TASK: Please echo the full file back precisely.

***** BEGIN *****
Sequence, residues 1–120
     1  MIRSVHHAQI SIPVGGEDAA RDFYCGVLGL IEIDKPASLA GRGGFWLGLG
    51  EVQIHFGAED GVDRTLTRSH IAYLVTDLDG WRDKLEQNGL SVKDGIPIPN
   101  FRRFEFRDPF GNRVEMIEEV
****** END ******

Sequence, residues 1–120
     1  MIRSVHHAQI SIPVGGEDAA RDFYCGVLGL IEIDKPASLA GRGGFWLGLG
    51  EVQIHFGAED GVDRTLTRSH IAYLVTDLDG WRDKLEQNGL SVKDGIPIPN
   101  FRRFEFRDPF GNRVEMIEEV